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Wimberley karate instructor sentenced for child sex abuse, porn

CONVERSE, Tex. (KTSA News) — A 65-year-old Wimberley man was sentenced to life plus 20 years in prison for trafficking a person and possessing child pornography.

The Hays County Sheriff’s Office said Richard Griffin was arrested in July 2014 after a child victim told her parents that Griffin had been having a sexual relationship with her for about a year and a half when she was only 14 years old.

In court, witnesses testified the victim has been a student at Griffin’s karate studio in Wimberley.

Griffin developed a relationship with the victim’s family and started giving the girl extra attention.  The family stopped contact with the karate instructor, but he provided the girl with cell phones to communicate privately.

The sheriff’s office said the victim shared that there were secret meetings with Griffin.  Some of these meetings involved sneaking out of her house, meeting after school and pretending to go to a friend’s house to engage in sexual activity.

Investigators from the Hays County Sheriff’s Office and the Comal County Sheriff’s Office recovered one of the cell phones the victim has been using with Griffin, as well as thousands of dollars he had given her, DNA from the victim on sex toys in Griffin’s home and travel trailer, and dozens of dirty photos of the victim on his phones and computers.

Griffin was convicted Thursday of Continuous Trafficking of a Person, which the sheriff’s office said was in relation to Griffin transporting and enticing the girl for committing sex crimes.  He was also convicted of 63 counts of possessing child pornography.

He was sentenced Friday by the judge to life in prison plus 20 years for the crime.  During the sentencing phase, the Hays County Sheriff’s Office said the judge heard additional evidence, including the fact Griffin had been communicating with a 12-year-old girl in a similar way he had been seducing the victim.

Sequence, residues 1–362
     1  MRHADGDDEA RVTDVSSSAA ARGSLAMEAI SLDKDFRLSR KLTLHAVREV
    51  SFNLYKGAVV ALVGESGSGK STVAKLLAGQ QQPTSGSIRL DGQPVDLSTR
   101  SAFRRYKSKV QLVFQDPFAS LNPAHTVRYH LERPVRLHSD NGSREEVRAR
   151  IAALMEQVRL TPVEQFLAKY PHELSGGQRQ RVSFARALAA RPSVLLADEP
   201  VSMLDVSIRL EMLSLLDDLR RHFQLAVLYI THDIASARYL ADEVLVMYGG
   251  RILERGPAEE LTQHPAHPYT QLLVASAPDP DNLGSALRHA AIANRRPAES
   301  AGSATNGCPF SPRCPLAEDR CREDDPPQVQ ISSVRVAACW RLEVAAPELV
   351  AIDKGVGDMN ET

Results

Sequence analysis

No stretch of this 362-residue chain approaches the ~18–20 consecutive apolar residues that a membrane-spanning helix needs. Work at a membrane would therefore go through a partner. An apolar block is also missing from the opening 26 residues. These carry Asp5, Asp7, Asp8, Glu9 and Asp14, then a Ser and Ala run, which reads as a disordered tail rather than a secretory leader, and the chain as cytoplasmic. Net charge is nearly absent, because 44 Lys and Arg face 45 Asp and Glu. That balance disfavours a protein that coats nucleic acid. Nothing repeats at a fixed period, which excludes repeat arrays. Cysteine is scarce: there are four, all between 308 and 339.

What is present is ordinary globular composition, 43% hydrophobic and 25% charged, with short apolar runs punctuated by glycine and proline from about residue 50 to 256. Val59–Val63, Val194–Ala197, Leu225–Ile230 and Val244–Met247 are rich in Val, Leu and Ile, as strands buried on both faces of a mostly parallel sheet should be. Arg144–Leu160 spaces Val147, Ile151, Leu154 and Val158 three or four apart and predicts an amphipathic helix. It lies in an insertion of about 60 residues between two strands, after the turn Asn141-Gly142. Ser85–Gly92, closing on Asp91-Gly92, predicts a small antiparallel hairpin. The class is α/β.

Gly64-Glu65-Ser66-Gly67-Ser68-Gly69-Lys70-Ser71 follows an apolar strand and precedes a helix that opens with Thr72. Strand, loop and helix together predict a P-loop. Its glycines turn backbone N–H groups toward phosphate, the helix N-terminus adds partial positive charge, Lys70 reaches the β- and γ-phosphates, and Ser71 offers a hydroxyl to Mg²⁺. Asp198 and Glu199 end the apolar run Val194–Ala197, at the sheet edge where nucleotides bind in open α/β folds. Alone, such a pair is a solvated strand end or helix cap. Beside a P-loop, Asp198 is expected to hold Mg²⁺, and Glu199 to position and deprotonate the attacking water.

“I’m pleased with the performance of all the law enforcement personnel who worked on bringing this case to its just conclusion. Not just ADA Gillis, who spent countless hours interviewing witnesses, reviewing evidence, and preparing for trial, but also Comal County Sheriff’s Department Detective Danny Dufur, Hays County Sheriff’s Office Sergeants Lenny Martinez and Mark Opiela, and many other officers, forensic scientists, child advocacy workers, and victims assistance personnel who made a successful prosecution possible,” Hays County criminal district attorney Wes Mau said in a statement.  “Most of all, I want to recognize the victim’s courage to come forward and face Mr. Griffin in court. Based on the evidence we have, I have little doubt that she saved Mr. Griffin’s next victim from suffering the same fate.”

 


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